Marble Falls We’ve looked at the diversity and governance of rural electric cooperatives closely over the last five or six years. By we, I mean ACORN International, Labor Neighbor Research & Training Center, and Local 100 United Labor Unions that came together as the Rural Power Project. It hasn’t been a pretty picture.
Originally in 2016, we looked just at the twelve states of the confederate South. The number of Black representatives was miniscule even where there were significant rural population majorities. Same for Hispanics in south Texas. Women better but only by a hair. Diversity? Almost nonexistent. We looked again five years later, some progress on the margins, but pretty much same ol’, same ol’, as we published in Social Policy. More recently in a follow-up, also in the most recent issue of Social Policy, we looked with some hope to see if the rest of the country outside of the South was any better on governance and diversity. No, not really. Recently, we got a request asking about Native American representation in South Dakota where there are giant reservations. Short answer, no, not much.
In our very first report, we said, it seems like REC governing boards have lost their way and are still stuck in the 1950s. How do they do it?
I’ll give you as example from Coast Electric Power Association along the Mississippi Gulf Coast. Perhaps it’s random. This co-op isn’t the worst by any measure either in the South or in Mississippi, but it’s easy to see how the deck is stacked so that the existing board members or those approved by managers and the slate are able to get re-elected time and time again, making sort of a mockery of any pretense that these co-ops are really membership run, democratic institutions.
The mailing I reviewed was received in late July as the official notice for the 2022 annual meeting on November 3rd, more than 3 months away. That’s a Thursday with an opening time of 630PM. The three folks put up from each county by the grace of the Nominations Committee were listed in the multi-piece mailing. The secretary certified on July 27th that there were no nominations by petition by July 6th more than four months from the actual election. A member would have needed to be Johnny-on-the-stick to suss out the petition rules, get it together, and even be thinking about running from Hancock, Harrison, or Pearl River Counties.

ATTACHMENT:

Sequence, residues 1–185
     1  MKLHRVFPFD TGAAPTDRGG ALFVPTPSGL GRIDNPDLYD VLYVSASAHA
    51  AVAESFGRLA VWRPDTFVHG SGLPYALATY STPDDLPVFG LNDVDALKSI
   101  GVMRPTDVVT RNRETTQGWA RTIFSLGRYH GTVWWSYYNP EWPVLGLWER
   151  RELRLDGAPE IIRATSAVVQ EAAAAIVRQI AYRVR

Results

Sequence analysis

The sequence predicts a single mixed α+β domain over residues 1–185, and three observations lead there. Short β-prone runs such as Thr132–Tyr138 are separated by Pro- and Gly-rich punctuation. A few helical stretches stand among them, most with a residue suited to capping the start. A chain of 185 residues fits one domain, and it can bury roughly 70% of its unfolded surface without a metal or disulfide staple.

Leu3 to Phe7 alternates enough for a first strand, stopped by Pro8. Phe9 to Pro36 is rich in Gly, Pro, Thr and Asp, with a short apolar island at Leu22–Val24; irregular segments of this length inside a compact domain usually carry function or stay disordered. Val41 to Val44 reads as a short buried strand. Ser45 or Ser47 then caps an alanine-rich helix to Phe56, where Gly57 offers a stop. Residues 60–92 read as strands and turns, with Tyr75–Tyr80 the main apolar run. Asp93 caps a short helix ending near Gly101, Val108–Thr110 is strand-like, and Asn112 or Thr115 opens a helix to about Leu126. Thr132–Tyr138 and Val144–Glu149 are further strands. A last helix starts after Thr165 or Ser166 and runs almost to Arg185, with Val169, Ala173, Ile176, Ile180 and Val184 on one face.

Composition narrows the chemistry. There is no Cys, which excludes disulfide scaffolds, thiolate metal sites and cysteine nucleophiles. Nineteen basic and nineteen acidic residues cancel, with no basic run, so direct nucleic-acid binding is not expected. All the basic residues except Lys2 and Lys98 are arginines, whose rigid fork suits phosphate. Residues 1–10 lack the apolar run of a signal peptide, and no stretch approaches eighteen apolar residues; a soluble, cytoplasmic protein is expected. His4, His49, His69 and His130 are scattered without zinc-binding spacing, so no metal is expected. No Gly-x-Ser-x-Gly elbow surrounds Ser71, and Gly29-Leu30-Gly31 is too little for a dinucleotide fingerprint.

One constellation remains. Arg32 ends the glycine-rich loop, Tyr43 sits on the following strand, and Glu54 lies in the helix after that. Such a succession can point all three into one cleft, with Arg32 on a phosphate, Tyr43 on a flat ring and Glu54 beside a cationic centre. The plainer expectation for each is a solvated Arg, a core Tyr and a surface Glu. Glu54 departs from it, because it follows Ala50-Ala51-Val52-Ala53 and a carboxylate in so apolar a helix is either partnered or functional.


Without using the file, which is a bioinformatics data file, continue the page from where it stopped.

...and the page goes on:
Those are just the minor slaps at a open, transparent democratic system. The real purpose of the mailing is to lure the members into NOT coming to the meeting or regardless if they come or not, to vote by proxy ahead of the election so that the slate and incumbents are a fait accompli. They enclose a self-addressed, postage paid envelope so you can mail your proxy to them. The “Official Proxy” says you can let the board of directors vote your proxy or you can appoint a member, but they want the name and ID by October 28th, and of course that person has to be a member themselves and physically attend.
Then here’s the kicker in this stacked deck. If you “register your proxy” you have three ways you can do that: by mail, online, or at their office. If you are willing to vote by proxy, you are then in entered in a raffle “to win up to $1000 in electricity credits.”
That says it all. The direct message is, hey, this deal is set, smile, sign the proxy, and you have a chance at a getting a grand off your electricity bill. Nowhere in all of this is there any indication that if you actually go to the meeting to make your voice heard and vote, that you would have a chance at that money. No, my friends, only if you’re willing to give your vote away to the existing bunch that are running the co-op and their re-election and slate.
And, we wondered why there was so little change in five years? What were we thinking?